Foreigners can buy homes easily in the U.S.
Real Estate Adviser,
If I do not live in or have legal status in the U.S., but have a very good job in Europe, can I still buy a house in the U.S. as an investment or as a vacation home?
You certainly can. While there are still some erroneous perceptions,
recent law changes grant nonpermanent resident aliens, such as you,
most of the same purchase and home-financing opportunities that
American citizens have. If you are worried about your good employment
and credit records becoming lost in translation, many major U.S.
lenders now use credit-reporting agencies that have reciprocal agreements
with European countries and can use a simple currency conversion
table to track your current income and assets.
However, you will likely need to come up with a down
payment of 20 percent to 25 percent of the purchase price, depending
on the rules of the lender, which is a little higher than what most
Yanks pay. But relatively speaking, the home-buying process in the
U.S. is relatively simple and less bureaucratic for a foreigner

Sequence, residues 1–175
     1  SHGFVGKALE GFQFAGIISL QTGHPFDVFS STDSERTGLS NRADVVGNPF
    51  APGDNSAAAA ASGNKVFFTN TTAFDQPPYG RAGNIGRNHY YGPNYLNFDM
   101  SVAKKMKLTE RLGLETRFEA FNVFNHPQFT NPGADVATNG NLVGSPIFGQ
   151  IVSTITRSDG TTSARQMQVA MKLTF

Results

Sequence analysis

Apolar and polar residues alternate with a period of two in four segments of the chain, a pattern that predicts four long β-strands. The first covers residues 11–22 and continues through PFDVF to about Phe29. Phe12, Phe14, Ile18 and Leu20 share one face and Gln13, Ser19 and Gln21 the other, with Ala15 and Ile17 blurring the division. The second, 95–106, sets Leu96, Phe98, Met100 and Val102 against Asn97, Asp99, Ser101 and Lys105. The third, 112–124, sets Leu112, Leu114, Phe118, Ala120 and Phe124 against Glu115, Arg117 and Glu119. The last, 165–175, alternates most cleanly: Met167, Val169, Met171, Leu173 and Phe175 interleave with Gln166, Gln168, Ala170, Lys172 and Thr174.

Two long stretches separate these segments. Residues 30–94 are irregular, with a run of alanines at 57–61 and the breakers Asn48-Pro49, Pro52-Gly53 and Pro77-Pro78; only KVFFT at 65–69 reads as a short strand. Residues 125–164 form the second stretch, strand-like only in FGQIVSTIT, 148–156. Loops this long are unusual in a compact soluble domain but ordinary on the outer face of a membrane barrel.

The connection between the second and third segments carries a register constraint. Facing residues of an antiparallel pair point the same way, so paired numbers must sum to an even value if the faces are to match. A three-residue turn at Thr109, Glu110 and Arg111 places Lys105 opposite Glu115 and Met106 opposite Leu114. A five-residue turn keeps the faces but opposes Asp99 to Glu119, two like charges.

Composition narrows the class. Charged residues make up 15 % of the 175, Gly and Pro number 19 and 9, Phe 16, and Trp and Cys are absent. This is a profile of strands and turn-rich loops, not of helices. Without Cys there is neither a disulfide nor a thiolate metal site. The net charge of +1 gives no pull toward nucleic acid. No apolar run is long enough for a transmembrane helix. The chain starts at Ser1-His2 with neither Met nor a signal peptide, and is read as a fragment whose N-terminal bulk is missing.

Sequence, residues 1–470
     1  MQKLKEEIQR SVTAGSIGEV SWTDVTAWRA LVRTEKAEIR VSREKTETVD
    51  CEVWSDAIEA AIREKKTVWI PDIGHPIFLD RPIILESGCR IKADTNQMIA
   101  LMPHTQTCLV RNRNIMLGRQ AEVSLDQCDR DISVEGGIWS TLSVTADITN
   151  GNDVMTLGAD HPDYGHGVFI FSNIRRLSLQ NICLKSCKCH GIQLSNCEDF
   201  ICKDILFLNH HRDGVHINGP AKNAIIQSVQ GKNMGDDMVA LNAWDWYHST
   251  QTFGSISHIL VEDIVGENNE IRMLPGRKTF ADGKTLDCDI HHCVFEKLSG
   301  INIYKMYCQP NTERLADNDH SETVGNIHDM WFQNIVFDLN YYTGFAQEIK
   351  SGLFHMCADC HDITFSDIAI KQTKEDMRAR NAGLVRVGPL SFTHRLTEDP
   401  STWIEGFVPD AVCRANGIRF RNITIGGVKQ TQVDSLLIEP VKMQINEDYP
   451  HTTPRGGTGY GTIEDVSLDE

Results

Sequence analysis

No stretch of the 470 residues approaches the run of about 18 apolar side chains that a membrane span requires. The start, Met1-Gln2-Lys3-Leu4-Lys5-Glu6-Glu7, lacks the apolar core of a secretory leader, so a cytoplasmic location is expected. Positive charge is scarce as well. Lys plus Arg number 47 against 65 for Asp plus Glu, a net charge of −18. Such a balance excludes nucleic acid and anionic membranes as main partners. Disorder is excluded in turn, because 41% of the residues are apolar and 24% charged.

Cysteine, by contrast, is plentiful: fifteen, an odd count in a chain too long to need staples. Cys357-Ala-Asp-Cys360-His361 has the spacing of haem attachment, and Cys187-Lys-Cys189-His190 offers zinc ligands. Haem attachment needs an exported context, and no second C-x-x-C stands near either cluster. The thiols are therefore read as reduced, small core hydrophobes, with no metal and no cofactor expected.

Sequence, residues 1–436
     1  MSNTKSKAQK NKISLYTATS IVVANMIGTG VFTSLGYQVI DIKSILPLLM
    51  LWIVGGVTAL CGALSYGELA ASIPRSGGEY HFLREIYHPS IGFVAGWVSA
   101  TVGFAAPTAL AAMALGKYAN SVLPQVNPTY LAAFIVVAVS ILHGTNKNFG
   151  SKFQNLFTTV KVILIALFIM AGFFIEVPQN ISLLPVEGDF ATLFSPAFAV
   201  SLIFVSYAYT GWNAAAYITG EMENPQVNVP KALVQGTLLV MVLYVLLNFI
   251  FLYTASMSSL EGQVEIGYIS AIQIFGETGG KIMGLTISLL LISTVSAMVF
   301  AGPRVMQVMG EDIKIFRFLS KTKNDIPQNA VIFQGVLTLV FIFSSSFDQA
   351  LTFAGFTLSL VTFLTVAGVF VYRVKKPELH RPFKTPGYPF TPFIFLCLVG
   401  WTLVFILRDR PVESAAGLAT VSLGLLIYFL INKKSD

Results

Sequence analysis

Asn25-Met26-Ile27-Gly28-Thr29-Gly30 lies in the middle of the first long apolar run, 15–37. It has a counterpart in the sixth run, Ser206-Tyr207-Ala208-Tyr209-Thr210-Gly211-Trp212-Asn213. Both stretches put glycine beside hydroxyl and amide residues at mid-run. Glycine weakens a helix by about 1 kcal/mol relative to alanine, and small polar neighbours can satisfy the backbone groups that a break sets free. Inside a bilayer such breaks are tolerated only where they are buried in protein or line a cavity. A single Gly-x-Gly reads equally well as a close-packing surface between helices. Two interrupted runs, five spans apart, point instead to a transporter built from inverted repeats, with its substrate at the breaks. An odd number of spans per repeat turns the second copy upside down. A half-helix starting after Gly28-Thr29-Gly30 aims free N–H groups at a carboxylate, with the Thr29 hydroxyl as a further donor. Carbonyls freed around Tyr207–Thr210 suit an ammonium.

than it would be in most countries. And as you probably realize,
there are hundreds of Web sites where you can view American properties
online from the comfort of your European home to facilitate your
But you'll need to find quality representation. As
a foreigner, it is very important that you find a U.S. real estate
agent who is experienced in such sales and can thoroughly brief
you on the buying process and best coordinate your property visits
with the rest of the prepurchase and purchase details. These agents
are easier to find in highly populated areas, although most regional
and national realty firms have qualified people who can serve you.
I would also recommend the services of a U.S. real
estate attorney to guide you past the pitfalls, tax nuances and
other legalities. For example, even as a nonresident, you will still
have to pay U.S. real estate taxes. And if you do not have an individual
taxpayer identification number or U.S. Social Security number when
you sell the place, you may be subject to 10 percent withholding
tax. For more details, visit the Web site of the U.S.
Internal Revenue Service for rules for foreign owners of American
There are also a few European Web sites that presently
specialize in the U.S. property-purchase process, including a couple
new ones, www.immoamerica.com
set to debut in 2007.
Meanwhile, good luck on your journey across the pond and your U.S. real estate venture.
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